Long-term studies on genetic interaction between wild and ranched cod Gadus morhua by use of a genetic marked strain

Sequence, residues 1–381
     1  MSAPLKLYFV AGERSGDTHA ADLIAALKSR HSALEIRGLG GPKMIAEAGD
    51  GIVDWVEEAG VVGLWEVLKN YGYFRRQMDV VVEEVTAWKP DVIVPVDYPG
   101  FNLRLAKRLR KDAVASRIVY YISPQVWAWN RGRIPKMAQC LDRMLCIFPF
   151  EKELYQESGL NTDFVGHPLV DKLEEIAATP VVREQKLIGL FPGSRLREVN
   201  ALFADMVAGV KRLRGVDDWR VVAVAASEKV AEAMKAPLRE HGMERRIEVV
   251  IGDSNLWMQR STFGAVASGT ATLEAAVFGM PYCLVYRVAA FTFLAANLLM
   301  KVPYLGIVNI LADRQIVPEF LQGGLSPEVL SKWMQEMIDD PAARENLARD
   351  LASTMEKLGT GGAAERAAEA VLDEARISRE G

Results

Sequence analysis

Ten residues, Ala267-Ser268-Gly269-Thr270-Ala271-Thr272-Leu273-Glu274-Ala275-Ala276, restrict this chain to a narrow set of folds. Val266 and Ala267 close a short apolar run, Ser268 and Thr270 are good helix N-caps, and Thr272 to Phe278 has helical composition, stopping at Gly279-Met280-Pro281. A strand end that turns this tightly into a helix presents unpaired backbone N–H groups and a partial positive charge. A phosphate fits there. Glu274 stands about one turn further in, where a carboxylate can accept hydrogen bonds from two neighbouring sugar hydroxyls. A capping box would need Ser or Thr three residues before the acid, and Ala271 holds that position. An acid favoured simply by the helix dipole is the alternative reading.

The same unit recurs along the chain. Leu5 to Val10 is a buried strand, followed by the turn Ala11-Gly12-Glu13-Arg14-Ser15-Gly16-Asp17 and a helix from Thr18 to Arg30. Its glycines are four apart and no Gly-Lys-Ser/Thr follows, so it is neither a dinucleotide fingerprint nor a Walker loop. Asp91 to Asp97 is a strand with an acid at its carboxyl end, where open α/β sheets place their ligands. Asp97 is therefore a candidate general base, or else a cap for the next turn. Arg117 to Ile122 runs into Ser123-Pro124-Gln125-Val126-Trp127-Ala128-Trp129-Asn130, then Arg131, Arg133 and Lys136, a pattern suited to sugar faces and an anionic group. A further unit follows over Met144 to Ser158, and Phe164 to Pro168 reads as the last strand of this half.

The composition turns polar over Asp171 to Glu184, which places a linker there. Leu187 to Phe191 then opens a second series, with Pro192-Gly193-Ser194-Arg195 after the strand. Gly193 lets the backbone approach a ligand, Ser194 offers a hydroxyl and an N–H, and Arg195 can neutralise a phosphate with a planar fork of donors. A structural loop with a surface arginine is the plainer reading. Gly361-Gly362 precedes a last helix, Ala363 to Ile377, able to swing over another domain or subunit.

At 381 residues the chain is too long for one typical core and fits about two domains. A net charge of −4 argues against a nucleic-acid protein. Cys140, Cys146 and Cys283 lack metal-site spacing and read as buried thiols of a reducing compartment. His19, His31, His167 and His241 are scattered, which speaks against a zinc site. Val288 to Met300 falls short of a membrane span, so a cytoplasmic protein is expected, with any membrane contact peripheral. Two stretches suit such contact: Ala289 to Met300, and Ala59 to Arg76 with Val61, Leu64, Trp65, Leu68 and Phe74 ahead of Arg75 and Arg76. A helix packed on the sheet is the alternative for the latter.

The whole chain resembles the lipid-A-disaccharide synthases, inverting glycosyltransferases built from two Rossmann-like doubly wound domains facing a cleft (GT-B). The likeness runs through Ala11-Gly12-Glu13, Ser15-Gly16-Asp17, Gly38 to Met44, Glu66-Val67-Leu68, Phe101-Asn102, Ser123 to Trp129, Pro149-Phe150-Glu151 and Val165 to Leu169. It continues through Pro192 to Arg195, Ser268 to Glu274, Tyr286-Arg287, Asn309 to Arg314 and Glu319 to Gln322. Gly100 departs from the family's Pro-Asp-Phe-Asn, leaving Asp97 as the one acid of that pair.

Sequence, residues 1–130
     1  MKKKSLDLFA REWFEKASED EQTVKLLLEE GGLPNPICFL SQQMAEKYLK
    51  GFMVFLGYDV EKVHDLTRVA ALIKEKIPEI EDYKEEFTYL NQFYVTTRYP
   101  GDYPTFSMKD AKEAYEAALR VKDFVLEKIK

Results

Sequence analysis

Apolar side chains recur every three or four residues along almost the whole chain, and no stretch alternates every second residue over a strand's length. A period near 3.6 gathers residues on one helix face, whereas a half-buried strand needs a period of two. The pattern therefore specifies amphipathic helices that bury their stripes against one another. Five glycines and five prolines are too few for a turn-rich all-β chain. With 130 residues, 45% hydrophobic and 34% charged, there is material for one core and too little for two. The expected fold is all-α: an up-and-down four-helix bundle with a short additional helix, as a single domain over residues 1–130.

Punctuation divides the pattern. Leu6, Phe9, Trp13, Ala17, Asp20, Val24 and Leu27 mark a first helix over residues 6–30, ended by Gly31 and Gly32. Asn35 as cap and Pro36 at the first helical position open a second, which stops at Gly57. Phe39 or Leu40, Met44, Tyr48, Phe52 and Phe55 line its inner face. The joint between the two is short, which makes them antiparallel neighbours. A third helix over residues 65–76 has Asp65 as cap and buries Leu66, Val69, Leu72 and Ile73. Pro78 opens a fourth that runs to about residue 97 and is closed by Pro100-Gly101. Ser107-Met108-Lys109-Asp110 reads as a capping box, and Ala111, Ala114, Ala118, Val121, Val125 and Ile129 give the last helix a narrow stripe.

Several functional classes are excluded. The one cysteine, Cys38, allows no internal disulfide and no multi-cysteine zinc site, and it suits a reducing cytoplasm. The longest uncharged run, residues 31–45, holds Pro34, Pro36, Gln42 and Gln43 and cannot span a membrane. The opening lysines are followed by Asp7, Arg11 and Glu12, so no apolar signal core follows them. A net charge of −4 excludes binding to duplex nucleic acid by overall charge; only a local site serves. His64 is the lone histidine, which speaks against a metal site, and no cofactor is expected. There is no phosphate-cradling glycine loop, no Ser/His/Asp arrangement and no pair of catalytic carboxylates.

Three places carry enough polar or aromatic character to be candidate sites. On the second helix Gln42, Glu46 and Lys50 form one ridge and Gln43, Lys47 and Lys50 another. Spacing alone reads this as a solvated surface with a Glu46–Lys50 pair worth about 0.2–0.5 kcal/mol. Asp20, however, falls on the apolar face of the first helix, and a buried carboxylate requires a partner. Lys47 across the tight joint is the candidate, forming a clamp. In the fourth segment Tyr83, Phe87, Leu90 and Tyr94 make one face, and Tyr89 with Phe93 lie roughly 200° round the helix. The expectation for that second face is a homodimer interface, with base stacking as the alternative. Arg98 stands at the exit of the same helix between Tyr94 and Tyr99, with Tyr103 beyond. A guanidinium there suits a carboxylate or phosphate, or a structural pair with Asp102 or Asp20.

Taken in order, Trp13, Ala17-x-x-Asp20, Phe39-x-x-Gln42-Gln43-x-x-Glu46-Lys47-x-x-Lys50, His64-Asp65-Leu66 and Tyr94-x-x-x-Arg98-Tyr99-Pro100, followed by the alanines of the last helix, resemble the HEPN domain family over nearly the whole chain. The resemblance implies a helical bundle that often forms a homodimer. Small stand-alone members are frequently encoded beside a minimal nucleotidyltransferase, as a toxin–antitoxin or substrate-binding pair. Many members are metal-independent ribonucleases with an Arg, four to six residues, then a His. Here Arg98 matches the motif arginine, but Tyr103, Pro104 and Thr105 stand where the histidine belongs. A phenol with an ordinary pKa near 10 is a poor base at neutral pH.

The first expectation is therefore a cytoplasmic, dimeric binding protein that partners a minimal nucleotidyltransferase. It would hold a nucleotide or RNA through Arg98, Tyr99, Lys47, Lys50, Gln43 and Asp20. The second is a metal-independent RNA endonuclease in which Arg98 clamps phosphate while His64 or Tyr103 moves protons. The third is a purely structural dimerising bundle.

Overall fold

Releases of farmed fish, whether accidental from commercial aquaculture facilities or intentional as part of stock enhancement/ranching activities, are considered to pose a risk to native gene pools. Stock enhancement studies of Atlantic cod, Gadus morhua, based on artificially produced juveniles, were initiated in 1984 in western Norway, and genetic aspects were incorporated. In order to investigate potential interbreeding between released and wild cod, a genetically marked cod strain was developed, being homozygotic for a rare allele (GPI‐1*30) expressed in white muscle tissue. In the period from 1990 to 1994, juveniles from the genetic marked strain were released in large quantities in three locations (Masfjord, Øygarden, Heimarkspollen), giving a significant increase of the marker allele in the local wild cod populations. Recently, studies have been conducted in the same areas to estimate the extent of interbreeding between the wild and released cod. The results, however, revealed no permanent increase of the frequency of the marker allele and/or GPI‐1*30 heterozygotes as would be expected from interbreeding. The recent data are compared with comprehensive genetic data of the cod populations in the areas before the actual releases, covering the full period from 1994 to 2003. The present results are also discussed in relation to fishing pressure on coastal cod, migration information and reproductive success of released, genetically marked cod.
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